In Nyamagabe district, school’s officials say that they got support from WaterAid Rwanda in improving access to water and creating student’s clubs which educate and produce their own soaps to help to maintain hygiene in toilets without spending much.
Noel Barankiritse, the Headmaster of Kigeme B School (refugee camp school with 105 toilets) says WaterAid Rwanda has trained its staff and over 2,700 students who have won district competitions in hygiene.
Through the involvement of key sanitation influencers and with the support of opinion leaders and district staff (in 10 districts), Isoko y’Ubuzima project under Water for People Rwanda, has rolled out Social Behavior Change (SBC) initiatives and demand creation strategy at the community level to change sanitation practices for members of the community.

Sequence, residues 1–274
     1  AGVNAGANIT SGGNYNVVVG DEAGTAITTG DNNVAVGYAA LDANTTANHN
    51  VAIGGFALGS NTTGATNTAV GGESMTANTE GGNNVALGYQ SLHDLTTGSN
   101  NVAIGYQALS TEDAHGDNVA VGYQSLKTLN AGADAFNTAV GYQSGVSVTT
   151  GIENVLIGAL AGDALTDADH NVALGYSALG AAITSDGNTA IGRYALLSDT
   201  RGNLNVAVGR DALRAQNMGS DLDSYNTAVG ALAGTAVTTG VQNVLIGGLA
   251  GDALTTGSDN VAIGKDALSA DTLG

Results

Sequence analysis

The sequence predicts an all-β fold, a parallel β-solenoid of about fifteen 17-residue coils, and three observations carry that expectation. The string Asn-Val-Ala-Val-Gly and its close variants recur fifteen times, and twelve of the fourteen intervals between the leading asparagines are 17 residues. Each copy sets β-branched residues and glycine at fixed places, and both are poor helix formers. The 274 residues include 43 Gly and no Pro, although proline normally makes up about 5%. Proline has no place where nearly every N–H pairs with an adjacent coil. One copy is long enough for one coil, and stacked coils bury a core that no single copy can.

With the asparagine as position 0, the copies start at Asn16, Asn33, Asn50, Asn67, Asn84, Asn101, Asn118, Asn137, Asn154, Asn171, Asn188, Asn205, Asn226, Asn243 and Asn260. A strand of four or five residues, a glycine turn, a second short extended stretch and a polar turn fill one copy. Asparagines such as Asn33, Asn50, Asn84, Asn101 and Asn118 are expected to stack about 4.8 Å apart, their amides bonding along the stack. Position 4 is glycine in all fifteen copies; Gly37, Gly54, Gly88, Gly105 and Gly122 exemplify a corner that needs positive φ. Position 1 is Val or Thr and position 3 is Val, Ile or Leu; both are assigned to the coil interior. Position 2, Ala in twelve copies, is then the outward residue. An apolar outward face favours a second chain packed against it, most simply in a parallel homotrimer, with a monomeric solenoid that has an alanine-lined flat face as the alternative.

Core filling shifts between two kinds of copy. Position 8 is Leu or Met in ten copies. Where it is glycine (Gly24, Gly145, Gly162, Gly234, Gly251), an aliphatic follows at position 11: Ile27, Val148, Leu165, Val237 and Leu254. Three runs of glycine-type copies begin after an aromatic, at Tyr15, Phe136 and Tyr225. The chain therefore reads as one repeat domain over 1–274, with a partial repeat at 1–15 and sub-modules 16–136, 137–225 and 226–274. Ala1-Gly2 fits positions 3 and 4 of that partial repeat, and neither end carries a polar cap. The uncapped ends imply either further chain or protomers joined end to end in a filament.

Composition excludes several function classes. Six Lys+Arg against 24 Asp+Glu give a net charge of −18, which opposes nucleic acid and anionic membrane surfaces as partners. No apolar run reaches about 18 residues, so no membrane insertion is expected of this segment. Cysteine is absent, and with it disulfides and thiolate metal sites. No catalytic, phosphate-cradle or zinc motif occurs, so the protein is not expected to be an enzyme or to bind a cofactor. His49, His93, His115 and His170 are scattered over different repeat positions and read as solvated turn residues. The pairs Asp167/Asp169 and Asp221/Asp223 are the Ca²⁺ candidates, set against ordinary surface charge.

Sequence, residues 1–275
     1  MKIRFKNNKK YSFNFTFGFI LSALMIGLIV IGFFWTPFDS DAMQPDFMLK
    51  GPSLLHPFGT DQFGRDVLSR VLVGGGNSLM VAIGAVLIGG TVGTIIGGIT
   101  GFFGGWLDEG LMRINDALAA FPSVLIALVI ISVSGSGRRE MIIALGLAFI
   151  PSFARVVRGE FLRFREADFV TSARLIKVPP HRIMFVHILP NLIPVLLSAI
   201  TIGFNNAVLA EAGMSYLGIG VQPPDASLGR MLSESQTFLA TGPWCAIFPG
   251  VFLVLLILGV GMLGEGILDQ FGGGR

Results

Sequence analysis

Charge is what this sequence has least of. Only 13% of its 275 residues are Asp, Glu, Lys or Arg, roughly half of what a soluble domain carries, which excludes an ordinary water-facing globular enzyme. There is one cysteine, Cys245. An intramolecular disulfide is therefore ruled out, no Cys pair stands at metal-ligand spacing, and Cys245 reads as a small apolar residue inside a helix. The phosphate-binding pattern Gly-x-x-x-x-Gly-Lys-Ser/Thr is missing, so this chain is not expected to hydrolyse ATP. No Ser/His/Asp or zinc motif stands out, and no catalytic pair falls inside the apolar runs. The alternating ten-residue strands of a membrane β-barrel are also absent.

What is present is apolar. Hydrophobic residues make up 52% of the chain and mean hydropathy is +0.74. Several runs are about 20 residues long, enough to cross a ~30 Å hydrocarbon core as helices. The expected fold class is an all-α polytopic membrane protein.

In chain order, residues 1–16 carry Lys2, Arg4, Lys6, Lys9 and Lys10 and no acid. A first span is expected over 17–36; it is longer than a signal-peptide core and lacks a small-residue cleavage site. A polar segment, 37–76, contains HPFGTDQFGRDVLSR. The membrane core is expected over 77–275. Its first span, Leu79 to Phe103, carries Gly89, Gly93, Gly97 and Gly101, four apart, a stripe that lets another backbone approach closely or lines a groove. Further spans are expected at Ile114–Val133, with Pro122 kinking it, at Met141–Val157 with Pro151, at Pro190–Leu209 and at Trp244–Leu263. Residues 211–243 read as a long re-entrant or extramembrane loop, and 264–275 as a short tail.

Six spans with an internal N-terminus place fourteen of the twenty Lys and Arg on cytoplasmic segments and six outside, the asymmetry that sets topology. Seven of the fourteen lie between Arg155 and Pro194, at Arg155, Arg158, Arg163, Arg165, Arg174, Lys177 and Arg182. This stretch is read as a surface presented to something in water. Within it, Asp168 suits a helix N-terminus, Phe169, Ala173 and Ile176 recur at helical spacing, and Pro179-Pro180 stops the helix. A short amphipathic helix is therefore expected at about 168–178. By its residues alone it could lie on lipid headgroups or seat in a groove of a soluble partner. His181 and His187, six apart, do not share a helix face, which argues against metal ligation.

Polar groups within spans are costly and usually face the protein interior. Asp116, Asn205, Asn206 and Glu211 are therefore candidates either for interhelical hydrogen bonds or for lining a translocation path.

This strategy and initiatives came through the delivery of behavior change messages, sales and marketing on sanitation and hygiene products in community groups, household visits, and linking the community with district sanitation centers, showrooms, and financial mechanisms.
The mobilization effort reached over 44,000 members, of which 5,587 gained access to basic sanitation and hygiene services. This included over 1,100 households that constructed or improved their toilets.
As the world commemorates World Toilet Day, on November 19, 2022, it is important that stakeholders continue to prioritise access to decent toilets, especially for people who are vulnerable. Governments need to quadruple current effort to ensure SDG 6.2 is achieved by 2030.
This year’s theme focuses on the impact of the sanitation crisis on groundwater, and this further reinforces the far-reaching impact of poor sanitation and open defecation on communities, as groundwater accounts for approximately 99 per cent of all liquid freshwater on earth. Safely managed sanitation for everyone is the way to protect water bodies from human waste pollution.